The referees on Long Island have various degrees of experience and ability. There are many times when the game is in the hands of a novice referee, possibly handling the game for the first time. Go easy on the referee! He or she has a hard job and they are usually inexperienced teenagers or elderly men (who sometimes referee 4-5 games back to back). Just remember it could be your child out there someday or an even scarier thought is it could be YOU. How would you want to be treated?
Set the example by treating all referees with respect, and insist that your players and parents do the same. Accept their decisions as part of the game. Don’t make calls for them, shout at or argue with them. Teach your players to focus on improving their own play and that of the team, not on criticizing the officials.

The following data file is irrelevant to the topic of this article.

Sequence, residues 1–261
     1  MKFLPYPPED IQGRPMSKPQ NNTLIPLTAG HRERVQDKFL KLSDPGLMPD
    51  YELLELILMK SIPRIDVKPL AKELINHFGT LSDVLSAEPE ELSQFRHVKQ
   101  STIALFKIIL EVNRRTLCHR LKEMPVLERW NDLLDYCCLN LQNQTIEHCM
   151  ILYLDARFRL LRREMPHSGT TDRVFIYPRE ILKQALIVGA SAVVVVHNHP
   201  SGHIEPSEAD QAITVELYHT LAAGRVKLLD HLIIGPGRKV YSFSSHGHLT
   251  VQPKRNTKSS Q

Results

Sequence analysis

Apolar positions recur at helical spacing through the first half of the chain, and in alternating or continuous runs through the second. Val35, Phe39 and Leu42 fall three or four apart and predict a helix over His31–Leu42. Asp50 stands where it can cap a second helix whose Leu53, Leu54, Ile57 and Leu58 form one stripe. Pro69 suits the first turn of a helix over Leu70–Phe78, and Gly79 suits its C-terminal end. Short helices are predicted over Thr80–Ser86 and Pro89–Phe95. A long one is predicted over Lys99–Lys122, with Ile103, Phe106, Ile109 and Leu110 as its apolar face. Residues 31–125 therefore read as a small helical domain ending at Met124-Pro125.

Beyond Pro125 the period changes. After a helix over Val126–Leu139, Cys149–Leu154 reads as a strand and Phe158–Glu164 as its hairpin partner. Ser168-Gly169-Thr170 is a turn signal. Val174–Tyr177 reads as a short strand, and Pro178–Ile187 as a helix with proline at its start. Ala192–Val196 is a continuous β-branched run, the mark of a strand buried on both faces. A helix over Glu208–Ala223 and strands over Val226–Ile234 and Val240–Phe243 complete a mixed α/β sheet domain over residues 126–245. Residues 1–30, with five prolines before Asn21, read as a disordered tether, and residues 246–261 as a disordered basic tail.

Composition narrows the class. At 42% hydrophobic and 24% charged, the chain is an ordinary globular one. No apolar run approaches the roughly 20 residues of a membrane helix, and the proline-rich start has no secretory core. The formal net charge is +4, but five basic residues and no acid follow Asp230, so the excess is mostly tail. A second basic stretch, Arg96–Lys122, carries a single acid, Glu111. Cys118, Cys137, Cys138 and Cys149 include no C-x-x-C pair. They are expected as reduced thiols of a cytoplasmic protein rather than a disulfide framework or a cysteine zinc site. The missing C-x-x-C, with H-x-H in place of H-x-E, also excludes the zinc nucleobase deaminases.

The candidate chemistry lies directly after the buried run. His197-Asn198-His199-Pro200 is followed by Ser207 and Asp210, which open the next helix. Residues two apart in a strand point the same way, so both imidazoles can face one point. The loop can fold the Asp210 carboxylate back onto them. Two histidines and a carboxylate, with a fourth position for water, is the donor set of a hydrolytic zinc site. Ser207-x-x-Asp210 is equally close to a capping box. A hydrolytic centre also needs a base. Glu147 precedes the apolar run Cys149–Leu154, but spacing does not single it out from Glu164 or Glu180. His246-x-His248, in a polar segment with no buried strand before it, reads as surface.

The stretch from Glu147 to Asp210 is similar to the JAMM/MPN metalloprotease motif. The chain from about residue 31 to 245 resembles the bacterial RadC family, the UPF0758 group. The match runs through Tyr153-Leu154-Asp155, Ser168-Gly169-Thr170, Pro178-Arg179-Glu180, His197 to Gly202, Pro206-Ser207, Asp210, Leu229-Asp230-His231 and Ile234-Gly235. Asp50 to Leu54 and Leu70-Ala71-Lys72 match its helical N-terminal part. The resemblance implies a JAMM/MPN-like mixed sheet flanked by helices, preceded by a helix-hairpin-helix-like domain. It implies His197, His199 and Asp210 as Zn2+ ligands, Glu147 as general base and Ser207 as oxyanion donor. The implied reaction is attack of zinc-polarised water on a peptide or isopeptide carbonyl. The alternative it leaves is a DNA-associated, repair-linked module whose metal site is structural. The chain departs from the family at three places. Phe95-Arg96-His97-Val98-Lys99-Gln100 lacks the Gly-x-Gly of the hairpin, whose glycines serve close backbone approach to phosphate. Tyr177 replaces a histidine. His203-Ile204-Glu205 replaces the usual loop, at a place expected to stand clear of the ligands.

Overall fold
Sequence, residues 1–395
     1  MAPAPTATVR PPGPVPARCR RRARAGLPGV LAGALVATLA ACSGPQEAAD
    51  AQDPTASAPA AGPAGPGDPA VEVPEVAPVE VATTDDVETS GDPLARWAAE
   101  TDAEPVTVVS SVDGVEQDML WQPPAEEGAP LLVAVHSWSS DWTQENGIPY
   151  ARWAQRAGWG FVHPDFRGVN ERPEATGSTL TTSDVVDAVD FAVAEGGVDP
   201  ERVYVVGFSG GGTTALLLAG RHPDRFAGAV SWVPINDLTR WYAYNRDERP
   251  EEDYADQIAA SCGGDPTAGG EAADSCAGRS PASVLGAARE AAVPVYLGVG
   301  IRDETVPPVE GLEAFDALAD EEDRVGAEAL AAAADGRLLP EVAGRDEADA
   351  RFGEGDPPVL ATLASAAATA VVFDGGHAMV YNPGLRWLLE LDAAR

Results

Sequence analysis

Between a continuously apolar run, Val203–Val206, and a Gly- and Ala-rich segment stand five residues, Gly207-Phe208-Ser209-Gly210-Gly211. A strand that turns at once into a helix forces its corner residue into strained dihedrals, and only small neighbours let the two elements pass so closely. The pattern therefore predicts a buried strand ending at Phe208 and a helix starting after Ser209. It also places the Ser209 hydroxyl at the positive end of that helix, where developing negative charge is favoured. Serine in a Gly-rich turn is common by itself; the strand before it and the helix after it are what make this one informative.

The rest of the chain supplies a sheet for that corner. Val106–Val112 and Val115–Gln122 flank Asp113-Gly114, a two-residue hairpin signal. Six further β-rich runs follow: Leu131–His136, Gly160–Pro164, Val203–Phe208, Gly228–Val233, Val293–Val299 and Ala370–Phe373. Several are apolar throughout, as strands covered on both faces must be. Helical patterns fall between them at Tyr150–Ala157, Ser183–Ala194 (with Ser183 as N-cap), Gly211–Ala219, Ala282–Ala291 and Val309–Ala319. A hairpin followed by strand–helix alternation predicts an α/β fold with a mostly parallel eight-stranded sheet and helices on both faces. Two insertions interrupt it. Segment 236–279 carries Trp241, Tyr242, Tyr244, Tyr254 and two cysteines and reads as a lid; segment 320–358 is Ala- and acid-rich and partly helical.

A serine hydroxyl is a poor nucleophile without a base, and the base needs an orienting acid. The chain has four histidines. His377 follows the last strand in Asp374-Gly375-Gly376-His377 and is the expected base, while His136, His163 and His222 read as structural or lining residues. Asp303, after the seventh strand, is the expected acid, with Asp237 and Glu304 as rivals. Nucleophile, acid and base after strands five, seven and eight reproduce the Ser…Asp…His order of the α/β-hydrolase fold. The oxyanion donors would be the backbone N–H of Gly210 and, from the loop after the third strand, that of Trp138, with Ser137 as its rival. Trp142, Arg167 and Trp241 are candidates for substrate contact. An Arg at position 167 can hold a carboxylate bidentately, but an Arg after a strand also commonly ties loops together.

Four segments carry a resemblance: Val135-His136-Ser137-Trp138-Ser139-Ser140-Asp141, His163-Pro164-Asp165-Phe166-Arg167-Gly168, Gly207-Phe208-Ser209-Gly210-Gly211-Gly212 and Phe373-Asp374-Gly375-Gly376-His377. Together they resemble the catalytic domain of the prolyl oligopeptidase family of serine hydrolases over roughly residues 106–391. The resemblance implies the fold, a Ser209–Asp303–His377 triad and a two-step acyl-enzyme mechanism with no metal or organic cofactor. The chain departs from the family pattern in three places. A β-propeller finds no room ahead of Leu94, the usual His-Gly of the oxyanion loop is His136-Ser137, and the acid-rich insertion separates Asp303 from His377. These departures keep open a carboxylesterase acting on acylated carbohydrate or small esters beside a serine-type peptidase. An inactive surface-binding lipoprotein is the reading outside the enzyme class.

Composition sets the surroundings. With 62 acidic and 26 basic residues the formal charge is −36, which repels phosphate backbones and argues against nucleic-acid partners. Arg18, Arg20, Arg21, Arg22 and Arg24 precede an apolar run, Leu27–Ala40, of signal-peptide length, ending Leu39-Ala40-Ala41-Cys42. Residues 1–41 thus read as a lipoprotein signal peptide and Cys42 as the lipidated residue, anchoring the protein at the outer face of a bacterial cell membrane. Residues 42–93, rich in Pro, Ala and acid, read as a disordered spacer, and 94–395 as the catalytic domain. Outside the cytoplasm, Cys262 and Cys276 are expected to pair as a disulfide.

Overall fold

Coaches need to be careful not to overreact to some of the inevitable bumping and incidental contact that occurs in soccer. Contrary to some misconception, soccer is a contact sport. Don’t let the referee become a distraction for your team. Over the course of the game or season, the “bad calls” will probably even out. If the referee does a good job, be sure to let them know and thank them after the game.